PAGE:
While the Western world adheres to a beauty ideal that says women can never be too thin, the semi-nomadic Moors of the Sahara desert have for centuries cherished a feminine ideal of extreme fatness. Voluptuous immobility is thought to beautify girls' bodies, hasten the onset of puberty, heighten their sexuality and ripen them for marriage. From the time of the loss of their first milk teeth, girls are directed to eat huge bowls of milk and porridge in one of the world's few examples of active female fattening. Based on fieldwork in an Arab village in Niger, Feeding Desire analyses the meanings of women's fatness as constituted by desire, kinship, concepts of health, Islam, and the crucial social need to manage sexuality. By demonstrating how a particular beauty ideal can only be understood within wider social structures and cultural logics, the book also implicitly provides a new way of thinking about the ideal of slimness in late Western capitalism. Offering a reminder that an estimated eighty per cent of the world's societies prefer plump women, this gracefully written book is both a fascinating exploration of the nature of bodily ideals and a highly readable ethnography of a Saharan people.
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While in the West it is said that women can never be too thin, semi-nomadic Arabs in Niger cherish a feminine ideal of extreme fatness. Feeding Desire analyses this beauty ideal in the context of Islam, conceptions of health, and notions of desire
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Part 1: Entering the Field Chapter 1 Coming into the Azawagh Chapter 2 Getting Fat Part 2 Self-Representations Chapter 3 In the Name of Allah, Most Benevolent, Ever Merciful Chapter 4 Ties of Blood, Ties of Milk, Ties of Marriage Chapter 5 "The Men Bring Us What We Will Eat" Part 3 Veiled Logics Chapter 6 The Interior Spaces of Social Life: Bodies of Men, Bodies of Women Chapter 7 The Exterior Spaces of Social Life: Desert, Village, Tent Part 4 Negotiating Life's Challenges Chapter 8 Well-being and Illness Chapter 9 Beauty, Sex and Desire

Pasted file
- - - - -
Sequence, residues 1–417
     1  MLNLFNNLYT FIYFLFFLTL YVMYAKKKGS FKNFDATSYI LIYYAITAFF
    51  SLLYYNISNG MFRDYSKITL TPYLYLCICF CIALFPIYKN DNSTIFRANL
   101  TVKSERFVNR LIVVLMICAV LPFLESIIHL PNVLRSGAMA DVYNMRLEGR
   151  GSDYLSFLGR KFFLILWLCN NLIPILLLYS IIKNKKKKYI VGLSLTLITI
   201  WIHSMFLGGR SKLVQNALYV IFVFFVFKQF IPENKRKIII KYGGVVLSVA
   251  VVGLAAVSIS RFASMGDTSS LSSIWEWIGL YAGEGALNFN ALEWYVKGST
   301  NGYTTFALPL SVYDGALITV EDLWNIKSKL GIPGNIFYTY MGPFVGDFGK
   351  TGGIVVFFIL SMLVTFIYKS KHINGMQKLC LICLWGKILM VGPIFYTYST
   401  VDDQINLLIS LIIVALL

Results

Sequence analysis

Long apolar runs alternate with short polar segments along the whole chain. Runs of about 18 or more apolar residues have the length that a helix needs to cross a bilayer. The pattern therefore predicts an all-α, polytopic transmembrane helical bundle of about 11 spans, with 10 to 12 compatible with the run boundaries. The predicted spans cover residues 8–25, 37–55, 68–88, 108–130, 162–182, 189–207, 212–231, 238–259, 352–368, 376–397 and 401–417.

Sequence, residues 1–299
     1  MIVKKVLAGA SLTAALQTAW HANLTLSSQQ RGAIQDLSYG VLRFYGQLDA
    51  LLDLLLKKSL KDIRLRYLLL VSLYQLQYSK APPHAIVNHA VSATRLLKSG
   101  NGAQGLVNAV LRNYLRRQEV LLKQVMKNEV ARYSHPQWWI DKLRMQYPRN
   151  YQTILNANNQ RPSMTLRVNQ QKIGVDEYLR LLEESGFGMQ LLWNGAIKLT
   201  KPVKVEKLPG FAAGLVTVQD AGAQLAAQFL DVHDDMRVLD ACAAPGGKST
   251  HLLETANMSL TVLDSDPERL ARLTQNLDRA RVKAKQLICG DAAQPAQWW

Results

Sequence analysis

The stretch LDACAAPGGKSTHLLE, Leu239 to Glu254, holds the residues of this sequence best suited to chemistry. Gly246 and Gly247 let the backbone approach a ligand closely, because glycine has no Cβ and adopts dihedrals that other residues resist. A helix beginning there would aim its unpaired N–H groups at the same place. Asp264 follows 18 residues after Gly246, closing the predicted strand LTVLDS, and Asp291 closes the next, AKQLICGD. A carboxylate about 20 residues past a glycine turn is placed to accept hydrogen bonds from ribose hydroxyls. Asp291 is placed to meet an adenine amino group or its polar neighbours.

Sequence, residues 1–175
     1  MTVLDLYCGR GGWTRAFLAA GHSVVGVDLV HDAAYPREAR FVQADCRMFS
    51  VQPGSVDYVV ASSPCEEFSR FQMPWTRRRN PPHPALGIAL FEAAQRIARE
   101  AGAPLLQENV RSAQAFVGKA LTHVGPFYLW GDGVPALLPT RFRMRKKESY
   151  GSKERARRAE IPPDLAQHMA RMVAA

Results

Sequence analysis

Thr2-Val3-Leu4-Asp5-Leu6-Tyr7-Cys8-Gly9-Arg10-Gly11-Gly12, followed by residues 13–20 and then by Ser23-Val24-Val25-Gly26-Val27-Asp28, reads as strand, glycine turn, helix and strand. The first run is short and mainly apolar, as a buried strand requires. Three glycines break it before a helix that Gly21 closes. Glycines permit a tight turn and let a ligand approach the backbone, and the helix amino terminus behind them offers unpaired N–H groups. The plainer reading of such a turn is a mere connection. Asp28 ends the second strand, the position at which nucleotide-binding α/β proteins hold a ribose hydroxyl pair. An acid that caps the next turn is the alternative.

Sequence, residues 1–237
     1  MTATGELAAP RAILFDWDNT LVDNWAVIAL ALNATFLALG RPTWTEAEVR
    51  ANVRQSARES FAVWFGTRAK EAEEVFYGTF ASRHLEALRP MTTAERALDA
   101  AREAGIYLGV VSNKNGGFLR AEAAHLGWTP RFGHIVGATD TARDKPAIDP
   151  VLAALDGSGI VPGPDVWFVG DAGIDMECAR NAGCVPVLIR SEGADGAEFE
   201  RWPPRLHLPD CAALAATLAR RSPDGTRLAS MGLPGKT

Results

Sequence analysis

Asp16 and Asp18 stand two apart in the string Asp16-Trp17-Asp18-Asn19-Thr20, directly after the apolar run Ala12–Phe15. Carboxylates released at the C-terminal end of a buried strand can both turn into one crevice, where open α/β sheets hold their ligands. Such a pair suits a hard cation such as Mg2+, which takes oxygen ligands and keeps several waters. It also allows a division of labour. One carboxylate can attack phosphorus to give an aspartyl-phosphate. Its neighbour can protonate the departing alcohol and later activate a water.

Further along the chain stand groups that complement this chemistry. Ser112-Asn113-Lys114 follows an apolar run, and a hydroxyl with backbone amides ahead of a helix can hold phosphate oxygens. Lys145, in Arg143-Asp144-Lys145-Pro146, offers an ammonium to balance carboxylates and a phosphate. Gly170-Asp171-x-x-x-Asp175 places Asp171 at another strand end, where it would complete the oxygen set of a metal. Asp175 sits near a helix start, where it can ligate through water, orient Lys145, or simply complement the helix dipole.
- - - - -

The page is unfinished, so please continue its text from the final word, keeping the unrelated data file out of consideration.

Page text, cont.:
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'Popenoe illuminates her theoretical arguments with compelling examples. She has a gift for vivid descriptions, not only of people, but also of the material landscapes in which the Azawagh are socially placed ... It is the kind of book that we need to teach right now.' - The Journal of the Royal Anthropological Institute
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Produktdetaljer

ISBN
9780415280969
Publisert
2003
Utgiver
Vendor
Routledge
Vekt
386 gr
Høyde
234 mm
Bredde
156 mm
Aldersnivå
05, U
Språk
Product language
Engelsk
Format
Product format
Heftet
Antall sider
256

Forfatter

Om bidragsyterne

Rebecca Popenoe is Visiting Lecturer in Anthropology at Uppsala University in Sweden. She received her Ph.D. from the University of Chicago and has taught at the University of Virginia and Middlebury College in the U.S. as well as at Stockholm and Linkoeping Universities in Sweden.